Spanberger, Menendez, Cassidy, Panetta, Higgins, Bilirakis, & Kelly Lead 100 Colleagues in Bipartisan, Bicameral Call for IRS to Address Ongoing Concerns and Processing Delays

Lawmakers to IRS Commissioner Rettig: “We Remain Concerned that the IRS Does Not Have a Comprehensive Plan to Remedy the Numerous Problems Affecting Taxpayers, Despite the Fact that this Filing Season is Already Well Underway”

WASHINGTON, D.C.  — U.S. Representative Abigail Spanberger alongside U.S. Senators Bob Menendez (D-NJ) and Bill Cassidy, M.D. (R-LA) — as well as U.S. Representatives Jimmy Panetta (D-CA-20), Brian Higgins (D-NY-26), Gus Bilirakis (R-FL-12), and Mike Kelly (R-PA-16) — led a bipartisan and bicameral group of 100 colleagues in urging the Internal Revenue Service (IRS) to provide much needed relief as the agency struggles to address customer service and processing issues.

In their letter to the IRS, the bipartisan group of lawmakers made clear that the agency’s lack of action is causing unnecessary confusion, as the current 2022 tax filing season is underway. Additionally, they requested the IRS specifically address which notices are statutorily required to be issued within a specific time, and why there are still certain notices that have not yet been suspended.

“We remain concerned that the IRS does not have a comprehensive plan to remedy the numerous problems affecting taxpayers, despite the fact that this filing season is already well underway,” wrote Spanberger and her colleagues to IRS Commissioner Charles Rettig. “For example, there is continued confusion about which notices may be unilaterally suspended by the IRS, beyond the notices the IRS has already suspended, among other issues.”

This letter is supported by the Association of International Certified Professional Accountants (AICPA), Padgett Business Services, National Association of Enrolled Agents (NAEA), National Association of Tax Professionals (NATP), National Society of Accountants (NSA), National Conference of CPA Practitioners (NCCPAP), National Association of Black Accountants, Inc. (NABA), Latino Tax Pro, Diverse Organization of Firms Advocacy Committee , National Society of Black Certified Public Accountants (NSBCPA), Prosperity Now, and National Society of Tax Professionals (NSTP).

“Since the beginning of tax season, the AICPA, Members of Congress, and various organizations representing taxpayers and practitioners have urged the IRS to take significant and meaningful steps to mitigate the anticipated challenges of this tax season. The AICPA is grateful to Senators Menendez and Cassidy, along with Representatives Panetta, Spanberger, Higgins, Bilirakis, and Kelly, for their persistent efforts to get taxpayers essential relief as we approach the March 15th filing deadline,” said AICPA President & CEO, Barry Melancon, CPA, CGMA. “The AICPA stands in support of the letter, signed by 100 members of Congress, to Commissioner Rettig urging him to respond to questions and concerns and offer clarification on notice suspensions. The tax season is well under way, and we hope the IRS will heed the widespread calls for meaningful relief and take the necessary steps to ease taxpayers’ burden and frustration.”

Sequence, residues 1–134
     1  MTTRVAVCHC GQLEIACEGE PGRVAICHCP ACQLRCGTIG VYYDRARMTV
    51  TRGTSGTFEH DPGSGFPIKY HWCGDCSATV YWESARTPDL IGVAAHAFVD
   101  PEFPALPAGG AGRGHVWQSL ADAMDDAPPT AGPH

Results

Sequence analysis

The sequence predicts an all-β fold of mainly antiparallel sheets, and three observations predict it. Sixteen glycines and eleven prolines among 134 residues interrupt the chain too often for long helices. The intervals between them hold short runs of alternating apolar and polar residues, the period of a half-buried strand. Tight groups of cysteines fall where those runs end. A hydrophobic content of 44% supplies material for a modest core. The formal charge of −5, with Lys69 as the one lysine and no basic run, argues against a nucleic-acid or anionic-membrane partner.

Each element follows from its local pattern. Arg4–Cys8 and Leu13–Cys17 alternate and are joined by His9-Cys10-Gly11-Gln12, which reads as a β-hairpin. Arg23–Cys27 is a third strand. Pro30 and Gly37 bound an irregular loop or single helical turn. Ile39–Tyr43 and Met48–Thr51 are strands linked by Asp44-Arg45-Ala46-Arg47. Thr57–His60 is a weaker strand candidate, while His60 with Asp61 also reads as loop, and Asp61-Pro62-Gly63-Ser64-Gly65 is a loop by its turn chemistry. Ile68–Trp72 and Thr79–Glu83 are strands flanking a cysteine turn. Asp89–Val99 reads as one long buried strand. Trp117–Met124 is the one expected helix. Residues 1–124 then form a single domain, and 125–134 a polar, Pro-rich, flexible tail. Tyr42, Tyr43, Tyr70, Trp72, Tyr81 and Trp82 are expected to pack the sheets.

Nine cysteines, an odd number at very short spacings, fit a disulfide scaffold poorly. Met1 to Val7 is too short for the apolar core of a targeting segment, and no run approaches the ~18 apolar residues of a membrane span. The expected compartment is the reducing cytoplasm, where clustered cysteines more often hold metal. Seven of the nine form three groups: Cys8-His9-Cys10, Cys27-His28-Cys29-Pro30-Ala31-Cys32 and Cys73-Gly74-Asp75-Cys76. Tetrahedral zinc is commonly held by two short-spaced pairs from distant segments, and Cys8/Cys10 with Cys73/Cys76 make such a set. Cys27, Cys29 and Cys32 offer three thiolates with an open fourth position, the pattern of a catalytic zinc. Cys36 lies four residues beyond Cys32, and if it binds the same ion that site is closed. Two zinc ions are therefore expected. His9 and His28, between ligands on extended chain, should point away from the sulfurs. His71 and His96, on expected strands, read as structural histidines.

Spanberger has long sounded the alarm about customer service performance and the agency’s massive processing backlogs. Last month, Spanberger and Menendez led a bicameral effort with 45 colleagues urging the IRS to take immediate actions to reduce its massive backlog and improve its customer service during the 2022 tax filing season. Shortly after sending out the letter, the IRS announced it would be putting together a second surge team to help address the massive backlogs and continue to improve customer service.

In addition to Sens. Menendez and Cassidy, the Senate version of the letter was signed by Sens. John Barrasso (R-WY), Michael Bennet (D-CO), Marsha Blackburn (R-TN.), Richard Blumenthal (D-CT), Cory Booker (D-NJ), John Boozman (R-AR), Mike Braun (R-IN), Richard Burr (R-NC), Shelly Moore Capito (R-WV), Ben Cardin (D-MD), Tom Carper (D-DE), Susan Collins (R-ME), Chris Coons (D-DE), Catherine Cortez Masto (D-NV), Mike Crapo (R-ID), Steve Daines (R-MT), Tammy Duckworth (D-IL), Joni Ernst (R-IA), Chuck Grassley (R-IA), Tim Kaine (D-VA), Mark Kelley (D-AZ), Angus King (I-ME), Amy Klobuchar (D-MN), James Lankford (R-OK), Patrick Leahy (D-VT), Cynthia Lummis (R-WY), Joe Manchin (D-WV), Lisa Murkowski (R-AK), Chris Murphy (D-CT), Rob Portman (R-OH), Jacky Rosen (D-NV), Tim Scott (R-SC), Tina Smith (D-MN), Debbie Stabenow (D-MI), John Thune (R-SD), Pat Toomey (R-PA), Chris Van Hollen (D-MD), Mark Warner (D-VA), Raphael Warnock (D-GA), and Todd Young (R-IN).